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I only found the following at the Nobel Prize webpage:

Why were the Nobel Prizes not awarded in those years? In the statutes of the Nobel Foundation it says: "If none of the works under consideration is found to be of the importance indicated in the first paragraph, the prize money shall be reserved until the following year. If, even then, the prize cannot be awarded, the amount shall be added to the Foundation's restricted funds." During World War I and II, fewer Nobel Prizes were awarded.

which does not says much. In 1916, 1940-42 it is quite reasonable to assume that there was no awarding due to the world wars. But then, what about 31 and 34? Of course there were many contributions to physics which where achieved in the preceding years and that could have been awarded.

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    $\begingroup$ The Nobel committee does not consider everything achieved, only what was nominated, and there are extra conditions on confirmation and applications. As the story with Einstein shows (he never got the prize for relativity despite being nominated twice), their judgments were often colored by antisemitic and other biases, especially in 1930-s. If they could not reach agreement on available choices not awarding was a convenient way out. $\endgroup$ – Conifold Nov 28 '17 at 18:58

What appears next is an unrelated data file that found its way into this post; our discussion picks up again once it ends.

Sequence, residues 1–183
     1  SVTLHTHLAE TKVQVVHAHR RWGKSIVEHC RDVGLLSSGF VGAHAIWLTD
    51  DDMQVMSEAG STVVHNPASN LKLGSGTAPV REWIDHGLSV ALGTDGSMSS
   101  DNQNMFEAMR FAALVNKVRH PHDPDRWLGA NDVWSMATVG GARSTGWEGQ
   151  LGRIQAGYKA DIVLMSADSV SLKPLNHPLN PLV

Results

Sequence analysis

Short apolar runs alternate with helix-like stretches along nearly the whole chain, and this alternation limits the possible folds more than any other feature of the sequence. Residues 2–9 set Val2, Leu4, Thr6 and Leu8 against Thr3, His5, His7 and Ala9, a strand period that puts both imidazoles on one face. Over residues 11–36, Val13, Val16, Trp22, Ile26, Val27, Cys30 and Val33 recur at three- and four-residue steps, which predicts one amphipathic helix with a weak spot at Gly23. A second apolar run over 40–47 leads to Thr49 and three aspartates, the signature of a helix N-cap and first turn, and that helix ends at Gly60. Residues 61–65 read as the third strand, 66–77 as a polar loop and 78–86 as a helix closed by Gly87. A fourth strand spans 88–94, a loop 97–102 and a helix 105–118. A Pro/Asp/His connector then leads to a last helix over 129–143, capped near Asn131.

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    $\begingroup$ Chemistry also has various years it was not awarded. 1940-42 are overlaps with Physics, so it certainly seems possible that the war interfered there, but there are times of peace where it wasn't awarded. $\endgroup$ – Jon Custer Dec 1 '17 at 22:02

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